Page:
This afternoon I regaled a coworker with stories behind my slew of Amsterdam photos, which made me realize I’ve neglected to post one of the best parts of my trip on the blog! So here it is: a bike ride from Amsterdam to Ouderkerk aan de Amstel, a village south of the city.
The weather had been a little erratic, but the last day brought sunshine and clouds with a little haze—just the weather I’d been waiting for. So, starting out from my Airbnb digs near the Jordaan, I gingerly skirted along Nassaukade, sweating at the stoplights, hoping I was in the right lane before pedaling madly after bicyclists who looked like they actually knew what they were doing. Stopped by a MacBike for an Amstel-Windmill Bicycle Tour map (security blanket!) before heading to the Amsteldijk bikeway, which follows the river the entire way. Once on the city outskirts, I began to breathe a little easier. (I’m still a country girl at heart.)
This scenery inspired Rembrandt, who would head to this same countryside on weekends to work on his landscapes. Along the river, next to a windmill, there’s a statue of the master down on one knee, his sketchbook propped up on the other.
I’ve come to realize that the older I get, the more of a luxury time becomes. On this particular day I had nowhere to be, so I could ride as slowly as I liked and stop whenever I wanted. Bliss.
The river’s bike path is flat as flat, and on this day there was hardly another soul on the road. After reaching and then tooling around Ouderkerk for a bit, I biked up the other side of the river before turning around to go back the way I came—about 13 km./8 mi. each way.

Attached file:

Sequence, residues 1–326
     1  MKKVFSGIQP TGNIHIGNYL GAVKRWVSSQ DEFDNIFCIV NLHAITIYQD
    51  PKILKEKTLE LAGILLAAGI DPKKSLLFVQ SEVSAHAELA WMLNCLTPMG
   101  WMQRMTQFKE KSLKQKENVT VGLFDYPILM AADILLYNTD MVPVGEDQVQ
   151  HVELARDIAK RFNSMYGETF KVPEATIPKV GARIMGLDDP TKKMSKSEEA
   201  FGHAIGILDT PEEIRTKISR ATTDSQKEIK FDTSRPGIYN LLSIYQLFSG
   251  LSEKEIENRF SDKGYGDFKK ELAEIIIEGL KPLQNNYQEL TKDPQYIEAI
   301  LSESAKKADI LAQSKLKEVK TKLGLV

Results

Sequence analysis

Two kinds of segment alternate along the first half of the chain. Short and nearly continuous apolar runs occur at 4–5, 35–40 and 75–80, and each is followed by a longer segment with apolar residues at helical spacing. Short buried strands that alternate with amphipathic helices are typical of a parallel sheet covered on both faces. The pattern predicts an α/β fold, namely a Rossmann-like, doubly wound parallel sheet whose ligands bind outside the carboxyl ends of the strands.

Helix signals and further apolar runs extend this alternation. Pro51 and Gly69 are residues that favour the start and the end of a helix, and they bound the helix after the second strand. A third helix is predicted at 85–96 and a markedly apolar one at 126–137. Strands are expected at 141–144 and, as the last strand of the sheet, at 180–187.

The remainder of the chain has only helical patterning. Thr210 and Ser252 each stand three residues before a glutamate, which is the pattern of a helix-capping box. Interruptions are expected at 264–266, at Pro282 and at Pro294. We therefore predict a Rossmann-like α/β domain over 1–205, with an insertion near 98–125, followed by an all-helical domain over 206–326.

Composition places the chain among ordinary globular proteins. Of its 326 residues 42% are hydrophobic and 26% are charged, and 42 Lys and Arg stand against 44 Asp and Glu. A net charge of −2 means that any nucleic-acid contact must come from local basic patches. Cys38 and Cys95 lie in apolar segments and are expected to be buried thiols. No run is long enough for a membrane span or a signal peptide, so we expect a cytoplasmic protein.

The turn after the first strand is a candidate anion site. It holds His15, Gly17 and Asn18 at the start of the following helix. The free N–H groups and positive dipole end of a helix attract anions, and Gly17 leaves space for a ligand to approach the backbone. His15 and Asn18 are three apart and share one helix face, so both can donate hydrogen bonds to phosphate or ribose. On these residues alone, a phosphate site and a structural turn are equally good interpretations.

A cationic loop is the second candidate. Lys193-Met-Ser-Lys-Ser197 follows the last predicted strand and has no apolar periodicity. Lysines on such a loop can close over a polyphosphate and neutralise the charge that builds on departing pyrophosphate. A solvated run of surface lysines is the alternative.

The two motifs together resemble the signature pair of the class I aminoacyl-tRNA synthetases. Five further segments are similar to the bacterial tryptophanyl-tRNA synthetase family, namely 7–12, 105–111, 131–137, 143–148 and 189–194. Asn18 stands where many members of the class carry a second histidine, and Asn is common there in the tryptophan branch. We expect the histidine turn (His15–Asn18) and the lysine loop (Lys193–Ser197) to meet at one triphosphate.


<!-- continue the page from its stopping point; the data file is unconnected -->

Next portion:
I paused midpath to snap this shot of river reeds framing a single sculler rowing past the windmill where Rembrandt’s statue is. Makes me wish I could experience the feel of being on that water.
My trusty, rusty steed. It’s the kind of junky Old Reliable that I understand Amsterdammers keep, to get them around town and not get stolen. Still, who’s taking chances?
The Dutch don’t mess around with their locks. There was an industrial-strength chain-link one to secure the bike to any immovable object, plus a second key-operated clamp over the rear tire.
On my way home, I nearly blew right past these solitary benches, then decided to stop for a breather and just read and write for a bit. The breeze rustled through the grasses and occasionally boats would motor by, their owners sunning on lawn chairs set up on the deck. A few ducky friends paddled over, bobbing in the boats’ wake, expecting to be fed.